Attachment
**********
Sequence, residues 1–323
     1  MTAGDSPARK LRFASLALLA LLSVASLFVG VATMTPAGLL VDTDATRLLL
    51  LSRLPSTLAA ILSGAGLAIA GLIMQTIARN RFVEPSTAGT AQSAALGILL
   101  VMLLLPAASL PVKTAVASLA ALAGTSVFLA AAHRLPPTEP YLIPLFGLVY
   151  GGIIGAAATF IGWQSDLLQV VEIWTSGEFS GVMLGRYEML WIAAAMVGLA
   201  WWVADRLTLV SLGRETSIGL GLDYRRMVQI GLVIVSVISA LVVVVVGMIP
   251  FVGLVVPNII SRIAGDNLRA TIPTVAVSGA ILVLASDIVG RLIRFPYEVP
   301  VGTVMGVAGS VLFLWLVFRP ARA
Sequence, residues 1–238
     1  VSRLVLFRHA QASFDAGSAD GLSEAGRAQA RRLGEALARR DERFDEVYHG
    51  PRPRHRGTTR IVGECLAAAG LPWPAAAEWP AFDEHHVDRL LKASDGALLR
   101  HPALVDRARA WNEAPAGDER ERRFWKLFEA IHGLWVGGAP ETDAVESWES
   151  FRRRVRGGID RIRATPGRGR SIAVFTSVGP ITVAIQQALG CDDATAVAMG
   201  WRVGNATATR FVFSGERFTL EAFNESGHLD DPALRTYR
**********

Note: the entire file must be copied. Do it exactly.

Sequence, residues 1–323
     1  MTAGDSPARK LRFASLALLA LLSVASLFVG VATMTPAGLL VDTDATRLLL
    51  LSRLPSTLAA ILSGAGLAIA GLIMQTIARN RFVEPSTAGT AQSAALGILL
   101  VMLLLPAASL PVKTAVASLA ALAGTSVFLA AAHRLPPTEP YLIPLFGLVY
   151  GGIIGAAATF IGWQSDLLQV VEIWTSGEFS GVMLGRYEML WIAAAMVGLA
   201  WWVADRLTLV SLGRETSIGL GLDYRRMVQI GLVIVSVISA LVVVVVGMIP
   251  FVGLVVPNII SRIAGDNLRA TIPTVAVSGA ILVLASDIVG RLIRFPYEVP
   301  VGTVMGVAGS VLFLWLVFRP ARA
Sequence, residues 1–238
     1  VSRLVLFRHA QASFDAGSAD GLSEAGRAQA RRLGEALARR DERFDEVYHG
    51  PRPRHRGTTR IVGECLAAAG LPWPAAAEWP AFDEHHVDRL LKASDGALLR
   101  HPALVDRARA WNEAPAGDER ERRFWKLFEA IHGLWVGGAP ETDAVESWES
   151  FRRRVRGGID RIRATPGRGR SIAVFTSVGP ITVAIQQALG CDDATAVAMG
   201  WRVGNATATR FVFSGERFTL EAFNESGHLD DPALRTYR